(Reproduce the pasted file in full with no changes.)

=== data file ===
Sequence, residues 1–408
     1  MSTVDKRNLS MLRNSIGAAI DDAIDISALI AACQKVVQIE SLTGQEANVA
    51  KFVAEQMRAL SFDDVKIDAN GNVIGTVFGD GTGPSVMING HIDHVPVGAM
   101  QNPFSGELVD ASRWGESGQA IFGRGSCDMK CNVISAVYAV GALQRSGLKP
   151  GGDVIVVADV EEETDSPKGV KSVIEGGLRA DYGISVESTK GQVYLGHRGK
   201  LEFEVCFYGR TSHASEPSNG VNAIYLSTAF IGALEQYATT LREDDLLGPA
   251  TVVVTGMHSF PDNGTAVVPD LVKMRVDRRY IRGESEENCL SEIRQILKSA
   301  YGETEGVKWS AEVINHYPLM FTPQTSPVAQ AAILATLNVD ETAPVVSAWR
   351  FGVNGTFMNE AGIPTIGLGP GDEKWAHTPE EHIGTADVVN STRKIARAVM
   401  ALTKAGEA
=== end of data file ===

Sequence, residues 1–408
     1  MSTVDKRNLS MLRNSIGAAI DDAIDISALI AACQKVVQIE SLTGQEANVA
    51  KFVAEQMRAL SFDDVKIDAN GNVIGTVFGD GTGPSVMING HIDHVPVGAM
   101  QNPFSGELVD ASRWGESGQA IFGRGSCDMK CNVISAVYAV GALQRSGLKP
   151  GGDVIVVADV EEETDSPKGV KSVIEGGLRA DYGISVESTK GQVYLGHRGK
   201  LEFEVCFYGR TSHASEPSNG VNAIYLSTAF IGALEQYATT LREDDLLGPA
   251  TVVVTGMHSF PDNGTAVVPD LVKMRVDRRY IRGESEENCL SEIRQILKSA
   301  YGETEGVKWS AEVINHYPLM FTPQTSPVAQ AAILATLNVD ETAPVVSAWR
   351  FGVNGTFMNE AGIPTIGLGP GDEKWAHTPE EHIGTADVVN STRKIARAVM
   401  ALTKAGEA